New figures from the Association of Convenience Stores (ACS) show that around half (47%) of Scottish independent retailers do not know how they will approach the deposit return scheme (DRS).

Scotland’s DRS, which is set to go live on August 16, will introduce a 20p deposit on PET plastic, glass and metal single use containers between 5cl and 3-litres. Consumers can get the deposit back when they return the containers to retailers, either via a dedicated Reverse Vending Machine (RVM) or through a manual returns process.

Figures from the latest ACS Voice of Local Shops survey also show that 13% of Scottish independent retailers do not know what a deposit return scheme is, with just months remaining until the scheme comes into force.

ACS chief executive James Lowman said: “Our research has shown that there is still a lot of uncertainty surrounding the deposit return scheme in Scotland, both in terms of understanding of what the scheme is and how retailers will participate.

“I encourage all retailers in Scotland to utilise our guide to help their decision making and implementation process in the coming months. We know from previous changes in legislation that there can be a tendency to leave things to the last minute – it’s absolutely crucial that everyone starts preparing as soon as possible to ensure that they’re ready for August.”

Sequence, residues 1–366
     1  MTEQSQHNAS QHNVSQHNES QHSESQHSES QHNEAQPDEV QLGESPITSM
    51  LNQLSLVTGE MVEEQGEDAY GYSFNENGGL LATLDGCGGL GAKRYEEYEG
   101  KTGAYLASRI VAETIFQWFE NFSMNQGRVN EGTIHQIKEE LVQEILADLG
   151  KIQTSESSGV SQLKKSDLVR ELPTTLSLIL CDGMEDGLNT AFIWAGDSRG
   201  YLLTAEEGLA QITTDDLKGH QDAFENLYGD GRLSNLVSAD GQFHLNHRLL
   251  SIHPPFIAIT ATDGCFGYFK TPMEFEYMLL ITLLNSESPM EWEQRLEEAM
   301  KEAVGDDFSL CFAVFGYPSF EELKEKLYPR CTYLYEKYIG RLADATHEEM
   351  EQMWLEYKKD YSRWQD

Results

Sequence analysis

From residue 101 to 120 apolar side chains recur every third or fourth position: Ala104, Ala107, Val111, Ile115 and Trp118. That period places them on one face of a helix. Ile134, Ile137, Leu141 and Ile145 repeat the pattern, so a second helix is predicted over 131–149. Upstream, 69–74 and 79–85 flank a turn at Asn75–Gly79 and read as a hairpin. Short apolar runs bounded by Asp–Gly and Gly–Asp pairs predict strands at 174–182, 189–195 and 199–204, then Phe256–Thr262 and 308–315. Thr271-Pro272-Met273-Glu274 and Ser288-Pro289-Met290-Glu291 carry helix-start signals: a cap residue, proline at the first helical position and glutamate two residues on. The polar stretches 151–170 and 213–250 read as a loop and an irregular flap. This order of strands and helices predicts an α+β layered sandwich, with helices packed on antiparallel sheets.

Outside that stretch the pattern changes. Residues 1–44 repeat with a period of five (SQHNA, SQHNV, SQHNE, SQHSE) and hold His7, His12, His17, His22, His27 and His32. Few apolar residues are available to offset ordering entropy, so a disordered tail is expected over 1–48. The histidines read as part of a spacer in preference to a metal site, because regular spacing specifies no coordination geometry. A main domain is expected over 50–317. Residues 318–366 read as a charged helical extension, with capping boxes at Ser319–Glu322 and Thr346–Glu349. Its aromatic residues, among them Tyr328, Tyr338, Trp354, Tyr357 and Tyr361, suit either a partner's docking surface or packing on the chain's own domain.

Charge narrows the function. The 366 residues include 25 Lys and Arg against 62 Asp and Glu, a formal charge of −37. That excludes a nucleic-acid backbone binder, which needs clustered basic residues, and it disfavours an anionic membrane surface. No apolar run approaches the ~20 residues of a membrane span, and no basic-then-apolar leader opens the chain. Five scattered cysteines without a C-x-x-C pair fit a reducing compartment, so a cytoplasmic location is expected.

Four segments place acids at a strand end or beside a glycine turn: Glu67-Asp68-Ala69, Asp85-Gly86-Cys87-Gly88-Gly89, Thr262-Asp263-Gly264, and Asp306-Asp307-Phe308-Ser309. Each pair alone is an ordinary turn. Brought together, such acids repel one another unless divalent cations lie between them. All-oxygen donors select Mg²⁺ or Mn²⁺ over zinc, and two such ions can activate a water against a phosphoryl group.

Findings from the survey suggest that 12% of retailers intend to offer an RVM in store, 9% intend to process the returns manually and 13% of retailers are planning to accept returns but have not yet made a decision how they intend to do this. Meanwhile, 6% have already decided to seek an exemption from offering a return point at their store. 

The ACS Deposit Return Scheme guide outlines the areas that retailers need to consider when looking at whether to install an RVM in their store, accept manual returns of containers, or apply for an exemption from the scheme altogether. To read it, click here.